Reputation reporting mechanism Observed local reputations are submitted by servers to the GRA. The process of submission can either happen at the end or during an on-going service. Submission can be made several times as long as the evidence of service interaction between a server and a client is valid. This evidence is the authorisation token, which the client gives to the server. The different steps of the reputation reporting mechanism are illustrated below. It is essential that prior to this reporting mechanism, the identities of the client and the server are known to the GRA. Any communication between a client and the GRA or between a server and a GRA happen over Secure Sockets Layer (SSL). 1. When the client (C) requests a service from server (S), it provides the server with a signed authorisation token (AT ). This token may contain information relevant to the context of implementation but will at least contain a time-stamp signifying the expiry of the token and the server identifier of the requesting server. C provides S with a token signed with its private key – (AT )Cpriv . 2. C also sends (AT )Cpriv to the GRA to keep track of the active token. 3. S re-signs the token ((AT )Cpriv )S priv and sends this to the GRA to query the global reputation of C. 4. The GRA performs a token authenticity check confirming that: the two copies of AT are equal; the copy from S comes from the S identified in the AT by C; and that the time-stamp is valid. 5. On a successful authenticity check, the GRA calculates the global reputation of C with respect to S’s confidence in other servers that may have submitted reputations of C. This is accomplished through a social network of servers. 6. S makes inferences from the global reputation of C. 7. S provides service to C and uses the reputation-to-behaviour response mechanism to form its local reputation of C which, if required, is used to change service levels. 8. Either at the end or during an on-going service, S sends the (AT )Cpriv and its local reputation of C along with other necessary parameters to the GRA – (γ , (AT )Cpriv )Spriv . Please refer to the discussion on global repuation for the definition of γ . 9. The GRA performs a token authenticity check. If successful, the GRA records the reported reputation and other associated parameters, scavenges out-of-date reputation reports and invalidates the authorisation token. If S has reported a reputation for C in the past then the former is overwritten with the latter if both reports are in the same context. 10. If S wants to report more than once during an on-going service, it has to request a new authorisation token from the client every time. Social network of servers and confidence matrix In steps 5 and 6 of the reputation reporting algorithm, we noted that the GRA provides a reputation of the client tailored for the querying server. In order to achieve this we use a “social network” model the servers relationships to form their confidence on each other. We now describe how these are formed.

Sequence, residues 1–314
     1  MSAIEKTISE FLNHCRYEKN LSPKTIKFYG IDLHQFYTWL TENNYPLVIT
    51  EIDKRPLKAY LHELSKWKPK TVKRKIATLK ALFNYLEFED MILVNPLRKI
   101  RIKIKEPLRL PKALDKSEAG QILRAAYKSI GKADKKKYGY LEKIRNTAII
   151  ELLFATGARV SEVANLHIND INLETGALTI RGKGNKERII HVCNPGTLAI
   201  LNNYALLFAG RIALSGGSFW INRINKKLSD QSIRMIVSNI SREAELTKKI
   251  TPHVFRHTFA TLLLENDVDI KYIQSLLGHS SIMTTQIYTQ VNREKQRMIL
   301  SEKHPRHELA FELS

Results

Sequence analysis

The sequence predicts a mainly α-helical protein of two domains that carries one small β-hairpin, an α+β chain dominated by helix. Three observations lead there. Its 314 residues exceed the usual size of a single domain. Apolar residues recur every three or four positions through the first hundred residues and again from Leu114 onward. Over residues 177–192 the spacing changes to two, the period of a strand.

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Social network with confidence ratings Servers form a social network, which defines the confidence that each server in the network has on one another. Servers can choose to connect or disconnect from other servers in the social network at any time. This social network is an asymmetric weighted digraph that has nodes (servers), which are connected through directed edges with different confidence ratings (denoted by w with range [0 1]) on each edge. Thus, two servers vi and v j can be connected through edges ei, j and e j,i , which have different confidence ratings (wi, j and w j,i ). These confidence ratings are used by querying servers to determine their confidence in the global reputations of clients. The confidence ratings can be altered by the servers at any time based on a variety of reasons which may be implementation or policy specific and hence fall outside the remit of this paper. Therefore, if the server v j has submitted a reputation r j for a particular client then as a response to a query from server vi about the client, the confidence on this particular report will be wi, j . The degree of separation in the network is no more than one. Therefore, if servers vi and v j are connected; and servers v j and vk are connected then there is no transitive confidence from vi to vk unless they are themselves connected. This method of relative interpretation of reputation makes it more immune to attempts to fix reputation. Confidence matrix A confidence matrix is essentially the adjacency matrix of the social network graph with weights on connected edges, which will be re-computed only when servers alter their confidence ratings about other servers. Global reputation Global reputations of clients act as opinions shared between servers. The interpretation of the global reputation depends on the perspective of a querying server. Through the process of reputation reporting, a set of submitted reputations are attached to a particular client and maintained by the GRA. The size of this set grows in proportion (e.g., logarithmically) to the total number of servers the client has interacted and is interacting with. There is an age-based method of scavenging that prunes off older reputation values to make space when newer values are submitted. For a particular client Ci , the tuple of reputation and associated parameters submitted by a server S j can be defined as γi j = {context j , ri j , λ j , µ j ,treport j , v j } where v j is the vertex for S j in the social network graph; ri j is the reputation of the client Ci submitted by server S j for a particular application context context j ; treport j is the timestamp of reporting this tuple; and the λ j and µ j correspond to those defined in equations 1, 2, 3, and 4. In the γ -tuple, context identifies the application context over which the behaviour analysis was done to generate the corresponding reputation. This could be, for example, email spam analysis, or low-level TCP packet analysis. We leave the semantics of this context for future work. Over time when several servers submit such reputations for the client, a set of recorded reputations is defined as Γ = {γ : where r component in γ is not too old}. To determine whether r in γ is too old or not, we use the following age-based scavenging method. In a particular γ -tuple at any time t: • if 0 < r ≤ 1 and λ (t − treport )2 = 1 then the tuple is scavenged;